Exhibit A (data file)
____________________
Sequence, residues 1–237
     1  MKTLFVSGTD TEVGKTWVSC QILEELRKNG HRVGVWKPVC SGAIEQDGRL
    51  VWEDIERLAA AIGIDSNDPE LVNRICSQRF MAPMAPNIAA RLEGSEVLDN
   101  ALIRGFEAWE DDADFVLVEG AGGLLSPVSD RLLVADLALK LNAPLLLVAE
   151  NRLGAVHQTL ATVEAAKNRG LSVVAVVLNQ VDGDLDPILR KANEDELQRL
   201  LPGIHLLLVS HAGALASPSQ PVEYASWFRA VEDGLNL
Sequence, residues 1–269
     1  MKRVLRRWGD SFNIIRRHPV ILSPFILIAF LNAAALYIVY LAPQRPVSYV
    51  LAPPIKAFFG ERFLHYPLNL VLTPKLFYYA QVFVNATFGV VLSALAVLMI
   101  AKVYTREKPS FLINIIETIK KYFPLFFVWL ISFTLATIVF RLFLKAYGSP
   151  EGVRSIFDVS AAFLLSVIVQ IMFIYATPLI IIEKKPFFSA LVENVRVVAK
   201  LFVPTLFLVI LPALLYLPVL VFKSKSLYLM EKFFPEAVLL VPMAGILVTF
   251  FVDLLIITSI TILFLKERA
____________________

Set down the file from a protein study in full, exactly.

Sequence, residues 1–237
     1  MKTLFVSGTD TEVGKTWVSC QILEELRKNG HRVGVWKPVC SGAIEQDGRL
    51  VWEDIERLAA AIGIDSNDPE LVNRICSQRF MAPMAPNIAA RLEGSEVLDN
   101  ALIRGFEAWE DDADFVLVEG AGGLLSPVSD RLLVADLALK LNAPLLLVAE
   151  NRLGAVHQTL ATVEAAKNRG LSVVAVVLNQ VDGDLDPILR KANEDELQRL
   201  LPGIHLLLVS HAGALASPSQ PVEYASWFRA VEDGLNL
Sequence, residues 1–269
     1  MKRVLRRWGD SFNIIRRHPV ILSPFILIAF LNAAALYIVY LAPQRPVSYV
    51  LAPPIKAFFG ERFLHYPLNL VLTPKLFYYA QVFVNATFGV VLSALAVLMI
   101  AKVYTREKPS FLINIIETIK KYFPLFFVWL ISFTLATIVF RLFLKAYGSP
   151  EGVRSIFDVS AAFLLSVIVQ IMFIYATPLI IIEKKPFFSA LVENVRVVAK
   201  LFVPTLFLVI LPALLYLPVL VFKSKSLYLM EKFFPEAVLL VPMAGILVTF
   251  FVDLLIITSI TILFLKERA